Son of former Liverpool and Chelsea striker, Tony Hateley, Mark started his professional career with First Division Coventry City in December 1978, aged seventeen. After a handful of games in the first two seasons he broke into the Sky Blue’s first team, under Gordon Milne, becoming a regular in the latter part of the 1980-81 season, after he had had a short loan period with Detroit Express where he got two goals in nineteen appearances. The England Youth International scored twenty-five goals from eighty-six starts and six games from the bench in League matches, together with six more in eleven F.A. Cup appearances, of which one was as a substitute, and three more in eight starts in the League Cup at Highfield Road before Bobby Campbell took him to Second Division Portsmouth for £180,000 on 6th June 1983. His career then really blossomed, as he was selected for the England Under-Twenty-Ones and he was instrumental in England winning the 1984 UEFA European Under-Twenty-One Football Championship, scoring six goals in the knockout stages. He then made a substitute appearance for England against Russia in a friendly at Wembley on 2nd June 1980, when he came on in the seventieth minute for Trevor Francis. He made his starting debut eight days later in a fine 2-0 win over Brazil at the Maracana in Rio de Janeiro and he scored his first, and England's vital second goal, in the sixty-fifthy minute. He was only with Pompey for one season, scoring twenty-two goals in thirty-eight League starts together with one in two F.A. Cup ties and two in four League Cup starts, before AC Milan secured his services for £915,000 and he joined Ray Wilkins at the San Siro, effectively replacing another England player Luther Blissett, who had returned to Watford. Highly respected in Italy, Hateley played sixty-six times and scored seventeen goals during his three year stay with AC Milan, but in the final season he was used mainly from the bench and only scored twice. French club, AS Monaco, had to part with £2 million, on 1st June 1987, to bring Hateley to the principality where he enjoyed a three year stint under Arsene Wenger and alongside his England teammate Glenn Hoddle. With regular football he quickly found his scoring touch once more, scoring twenty-two times in fifty-nine appearances, picking up a French League Championship medal in 1988, but he could not regain his England place as the Lineker/Beardsley combination was too potent. He joined Rangers for £500,000 on 19th July 1990 and had his most happy and productive part of his career there, becoming the first non-Scottish player to win the country’s Player of the Year award in the 1993-94 season. He formed a striking partnership with Ally McCoist which was deadly in Scottish football. He scored eighty-five goals in one hundred and sixty-five League games, including seven substitute appearances, and a total of one hundred and eleven in two hundred and five starts and ten substitute appearances. He was revered by the Rangers fans as one of their best ever strikers and it was certainly a fruitful association as he won five consecutive Scottish League championship medals fro 1990-91 to 1994-95, together with two Scottish Cup winners' medals in 1991-92 and 1992-93 and three Scottish League Cup winners' medals in 1990-91, 1992-93 and 1993-94. However, initially, Hateley didn't receive the warmest of welcomes when he joined Rangers from Monaco before the start of the 1990-91 season. It was amazing that fans questioned the ability of a man who had spent three years with AC Milan, won thirty-two England caps and played regularly at the highest level. The fans doubts were ended when Hateley scored two goals against Aberdeen at Ibrox delivering the championship to Rangers in his first season. His greatest season at Ibrox was the 1992-93 season when he provided a seemingly endless list of highlights for the Rangers faithful. Perhaps the most remembered was his outstanding display against Leeds in the European Cup. Hateley scored with a magnificent twenty-five-yard left foot volley and then set up Ally McCoist's diving header with an inch perfect cross make it 2-0. This was something that Leeds fans found hard to forget. He left Rangers to join his ex-England, Rangers and AC Milan teammate, Ray Wilkins, at Queens Park Rangers on 25th September 1995, for £1,500,000 but he failed to fire in the EPL in a struggling QPR team that was duly relegated. A short loan spell with George Graham's Leeds United was not a success and he returned to QPR to finish his time there with only three goals from twenty-seven League appearances, nine of which were from the bench. He did however score twice in five F.A. Cup appearances, including two from the bench and he also played ine game as a substitute in the League Cup but did not find the net. However, in 1997, with Rangers trying to win their ninth title in a row, and with a huge injury list, Manager Walter Smith desperately needed a striker, and re-signed Hateley for £300,000, on 14th March 1997, for the vital game the following Sunday against Rangers' biggest rivals, Celtic at Parkhead. Rangers won the game 1-0, but Hateley was sentoff. However, most commentators thought that the mere presence of Hateley had given Rangers a psychological advantage and that it was a signing that had paid off. Rangers eventually won the league, with the game versus Celtic seen as the unofficial clincher. After just one goal from four appearances Hateley bid farewell once more to Ibrox at the end of the season and joined Hull City as player-manager on a free transfer on 15th July 1997. Hull struggled in the lower reaches of the English League. He scored just three goals in twelve starts and ten games from the bench in the League as well as starting five and being used twice as a substitute in the League Cup in his less than two year stay. After playing a total of twenty-nine times including twelve from the bench he was forced to leave, on 11th November 1998, with Hull close to extinction. He had two games for Ross County in the lower Scottish League but called time on his football career on 14th September 1999. He worked as a commentator for Setanta on Scottish League games and also worked in an ambassadorial role for Rangers and writes a Rangers column for the Scottish Daily Record. He played thirty two times for England of which twelve were as substitute and scored eight times, while at Under-Twenty-One level he scored eight times in ten starts and also represented England Youth. His son, Tom, plays as a midfielder for Motherwell.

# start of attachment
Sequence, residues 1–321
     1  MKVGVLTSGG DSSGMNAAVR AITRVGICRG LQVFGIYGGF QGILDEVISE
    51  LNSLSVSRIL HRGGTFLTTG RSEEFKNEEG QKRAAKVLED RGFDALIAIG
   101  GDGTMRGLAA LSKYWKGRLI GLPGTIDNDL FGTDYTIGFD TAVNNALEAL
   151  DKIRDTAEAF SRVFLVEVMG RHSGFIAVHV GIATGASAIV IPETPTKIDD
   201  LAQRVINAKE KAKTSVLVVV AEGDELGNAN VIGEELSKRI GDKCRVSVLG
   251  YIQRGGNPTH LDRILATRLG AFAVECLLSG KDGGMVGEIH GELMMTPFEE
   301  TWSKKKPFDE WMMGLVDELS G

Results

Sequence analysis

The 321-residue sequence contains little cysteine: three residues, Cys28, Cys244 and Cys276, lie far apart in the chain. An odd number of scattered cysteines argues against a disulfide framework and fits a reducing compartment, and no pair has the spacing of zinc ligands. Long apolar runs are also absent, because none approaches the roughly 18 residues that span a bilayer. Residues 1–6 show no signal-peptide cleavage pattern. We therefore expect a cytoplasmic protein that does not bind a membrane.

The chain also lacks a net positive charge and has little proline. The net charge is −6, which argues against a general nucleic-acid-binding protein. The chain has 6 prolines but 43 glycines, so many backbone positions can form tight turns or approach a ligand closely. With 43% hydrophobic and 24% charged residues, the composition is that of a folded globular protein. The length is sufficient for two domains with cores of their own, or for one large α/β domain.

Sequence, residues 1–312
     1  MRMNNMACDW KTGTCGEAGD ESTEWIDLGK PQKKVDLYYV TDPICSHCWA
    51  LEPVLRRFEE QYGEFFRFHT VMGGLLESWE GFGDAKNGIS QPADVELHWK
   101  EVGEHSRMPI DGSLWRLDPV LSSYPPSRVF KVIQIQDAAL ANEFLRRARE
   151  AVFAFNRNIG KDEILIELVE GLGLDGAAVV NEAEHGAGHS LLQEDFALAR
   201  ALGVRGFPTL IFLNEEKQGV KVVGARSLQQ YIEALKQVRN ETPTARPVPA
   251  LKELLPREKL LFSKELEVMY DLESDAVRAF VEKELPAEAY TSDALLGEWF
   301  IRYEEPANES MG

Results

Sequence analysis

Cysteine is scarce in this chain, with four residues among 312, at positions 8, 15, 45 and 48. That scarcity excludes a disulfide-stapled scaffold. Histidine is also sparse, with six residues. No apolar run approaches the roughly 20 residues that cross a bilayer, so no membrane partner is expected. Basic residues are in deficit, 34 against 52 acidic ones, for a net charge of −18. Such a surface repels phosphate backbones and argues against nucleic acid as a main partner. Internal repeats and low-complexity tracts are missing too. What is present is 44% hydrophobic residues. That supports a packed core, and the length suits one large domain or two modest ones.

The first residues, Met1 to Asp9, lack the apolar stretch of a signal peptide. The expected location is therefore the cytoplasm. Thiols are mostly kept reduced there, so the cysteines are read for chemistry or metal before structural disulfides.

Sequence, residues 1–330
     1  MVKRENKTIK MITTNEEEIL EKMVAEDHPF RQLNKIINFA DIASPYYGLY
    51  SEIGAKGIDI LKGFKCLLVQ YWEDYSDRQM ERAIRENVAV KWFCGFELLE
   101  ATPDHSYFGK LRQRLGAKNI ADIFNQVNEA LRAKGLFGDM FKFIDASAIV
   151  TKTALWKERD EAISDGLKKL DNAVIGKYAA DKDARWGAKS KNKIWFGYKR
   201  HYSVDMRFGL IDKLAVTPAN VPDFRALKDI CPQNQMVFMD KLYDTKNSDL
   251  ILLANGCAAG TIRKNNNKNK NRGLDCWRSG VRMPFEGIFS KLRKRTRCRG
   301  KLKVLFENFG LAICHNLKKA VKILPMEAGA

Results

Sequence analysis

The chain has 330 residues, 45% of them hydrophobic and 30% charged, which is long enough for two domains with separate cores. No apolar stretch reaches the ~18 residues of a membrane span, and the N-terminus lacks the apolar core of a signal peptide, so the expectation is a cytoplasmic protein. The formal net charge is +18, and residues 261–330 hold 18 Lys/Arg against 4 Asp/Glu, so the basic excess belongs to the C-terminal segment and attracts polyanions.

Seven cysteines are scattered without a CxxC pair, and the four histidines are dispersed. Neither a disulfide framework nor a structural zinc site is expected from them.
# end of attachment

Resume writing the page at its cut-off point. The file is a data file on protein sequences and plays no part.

League 5/10